Snow and avalanches

New Zealand faces a variety of hazards associated with snow.

These hazards can be categorized into the following two groups:

  • snow hazards on roads in mountainous areas
  • snow hazards at lower elevations, which affect livestock, crops and infrastructure.

Causes of snow hazards

Snowfall can occur when there is precipitation – water in frozen or liquid form falling to the ground - in areas where the ambient temperature is near or below freezing. This is the usual situation for our alpine areas in winter, and can reach lower levels when there are outbreaks of cold southern air.

Potential consequences of snow hazards

The potential impacts associated with snow are:

  • infrastructure damage (particularly to power and telephone lines, but also to buildings)
  • health impact on livestock
  • dangerous driving conditions
  • impassable roads.

Magnitude, frequency

The relationship between the magnitude and frequency of snowfall is not yet well defined.

  • The impact of snowfall on road conditions occurs on an event-by-event basis in the mountains of the South Island (eg road closure due to snow fall (eg, the Canterbury June 2006 and July 2011 events)
  • Infrastructure damage is likely to be rare and occurs every 10 to 25 years (eg the Invercargill snow event in September 2010).

Spatial distribution

The spatial distribution of snow hazards are :

  • Mountain areas of New Zealand
  • Central area of the North Island
  • South and East of the South Island.

Influence of climate variability and change

Subject to the pace of global climate change over the coming decades, the extent, depth, duration and quality of snow in New Zealand is likely to be subject to significant changes. The magnitude of the change will depend of the emission scenario chosen, however the following change can be expected:

  • shortening of the snow season
  • large reduction of the fraction of precipitation that is snow below 1000m
  • reduction of the mean maximum snow accumulation.

Recent snow hazards in New Zealand

Invercargill, September 2010. Snow started falling on the evening of the 17th of September 2010 with heavy snowfall for 16 hours followed by intermittent snow rain, hail and sleet. The snowfall resulted in extensive damage to a number of buildings in Invercargill and a number of other commercial buildings and structures.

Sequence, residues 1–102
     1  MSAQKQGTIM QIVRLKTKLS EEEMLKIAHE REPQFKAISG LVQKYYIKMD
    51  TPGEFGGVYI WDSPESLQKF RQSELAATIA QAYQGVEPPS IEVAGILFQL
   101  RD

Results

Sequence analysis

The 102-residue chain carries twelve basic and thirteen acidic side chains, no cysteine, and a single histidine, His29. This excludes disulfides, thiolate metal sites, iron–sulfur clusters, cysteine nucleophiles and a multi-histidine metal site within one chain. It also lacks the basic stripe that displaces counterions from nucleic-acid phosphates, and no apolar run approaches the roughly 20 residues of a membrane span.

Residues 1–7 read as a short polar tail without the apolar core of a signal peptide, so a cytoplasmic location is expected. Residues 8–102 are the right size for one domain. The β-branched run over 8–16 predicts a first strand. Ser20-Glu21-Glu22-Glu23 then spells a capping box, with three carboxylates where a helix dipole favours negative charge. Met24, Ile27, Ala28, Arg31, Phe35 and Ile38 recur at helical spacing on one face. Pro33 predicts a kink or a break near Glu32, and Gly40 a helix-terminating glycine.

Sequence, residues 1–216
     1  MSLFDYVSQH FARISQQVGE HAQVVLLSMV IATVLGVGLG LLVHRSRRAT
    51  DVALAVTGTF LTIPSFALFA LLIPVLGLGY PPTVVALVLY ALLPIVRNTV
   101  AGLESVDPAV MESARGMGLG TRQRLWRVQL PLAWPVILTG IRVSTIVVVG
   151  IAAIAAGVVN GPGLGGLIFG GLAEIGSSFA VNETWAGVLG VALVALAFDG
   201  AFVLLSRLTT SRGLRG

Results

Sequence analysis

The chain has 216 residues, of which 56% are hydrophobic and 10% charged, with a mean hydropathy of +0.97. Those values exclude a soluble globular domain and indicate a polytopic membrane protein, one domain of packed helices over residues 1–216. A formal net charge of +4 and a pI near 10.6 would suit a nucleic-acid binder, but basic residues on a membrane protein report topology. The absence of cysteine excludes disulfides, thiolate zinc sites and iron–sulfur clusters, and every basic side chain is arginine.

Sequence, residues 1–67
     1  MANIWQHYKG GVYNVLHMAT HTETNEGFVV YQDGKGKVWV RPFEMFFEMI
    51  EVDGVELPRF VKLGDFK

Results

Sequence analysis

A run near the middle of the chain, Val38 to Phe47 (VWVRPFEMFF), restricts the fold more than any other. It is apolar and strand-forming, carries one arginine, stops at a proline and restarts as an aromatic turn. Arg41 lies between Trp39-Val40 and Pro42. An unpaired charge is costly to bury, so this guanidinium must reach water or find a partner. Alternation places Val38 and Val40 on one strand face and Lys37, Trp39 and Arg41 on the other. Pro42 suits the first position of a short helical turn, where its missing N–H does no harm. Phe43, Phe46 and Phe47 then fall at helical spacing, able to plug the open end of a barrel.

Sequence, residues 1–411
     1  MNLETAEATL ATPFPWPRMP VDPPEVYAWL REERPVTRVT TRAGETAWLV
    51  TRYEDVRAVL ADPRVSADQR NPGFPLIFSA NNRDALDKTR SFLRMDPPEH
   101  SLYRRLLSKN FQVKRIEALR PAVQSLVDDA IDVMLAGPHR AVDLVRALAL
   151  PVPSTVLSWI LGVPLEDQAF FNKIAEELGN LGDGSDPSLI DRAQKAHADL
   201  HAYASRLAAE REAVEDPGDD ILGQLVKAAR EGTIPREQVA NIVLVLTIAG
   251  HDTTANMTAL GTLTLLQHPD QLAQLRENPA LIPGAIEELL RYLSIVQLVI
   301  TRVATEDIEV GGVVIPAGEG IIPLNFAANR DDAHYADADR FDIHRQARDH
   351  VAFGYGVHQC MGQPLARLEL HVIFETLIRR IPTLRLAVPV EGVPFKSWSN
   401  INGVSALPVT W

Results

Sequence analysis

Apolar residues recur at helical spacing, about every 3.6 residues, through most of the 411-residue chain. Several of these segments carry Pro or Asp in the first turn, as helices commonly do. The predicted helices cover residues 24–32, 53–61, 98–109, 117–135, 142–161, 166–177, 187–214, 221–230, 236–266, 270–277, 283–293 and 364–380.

Since 1895 (the start of records), 39 snow events have been recorded which damaged property, infrastructure, livestock or resulted in human deaths.

  • Four of these events occurred before 1945.
  • Three occurred during the 1970s.
  • One occurred during the 1980s.
  • Four occurred during the 1990s.
  • 27 snowfall incidents have been recorded since 2000.

Snow hazard research at NIWA

NIWA scientists are involved with research into each of the main hazard areas associated with snow and avalanches. We collaborate with other New Zealand institutes such as Victoria University of Wellington, University of Otago, University of Canterbury and GNS Science.

Current NIWA research projects

  • Impact of climate change on flood and water resources in mountainous catchments.

Find our more about these impacts

  • Effect of mountain precipitation distribution uncertainty (rain vs snow) on water supply to the Waitaki hydro catchments under climate change conditions.
  • Spatial variability of snow mass in Alpine catchments.
  • Annual end-of-summer snowline surveys on 49 index glaciers throughout New Zealand.

Read our media release 'Glacier snowline in steady state by end of summer'

  • Seasonal snowpack monitoring at high-altitude climate stations (snow and ice monitoring network).

More information on our snow and ice monitoring network

Contact

Dr Christian Zammit
christian.zammit@niwa.co.nz
Tel 03 343 7879 

castlemount_snow_station1.jpg

Castlemount snow station. [NIWA]

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Rainfall outlook map for February to April 2009.

snowy road outside Springfield

Snowy road just outside Springfield at 10 am on 31st May (courtesy of Margaret Woulfe, NIWA)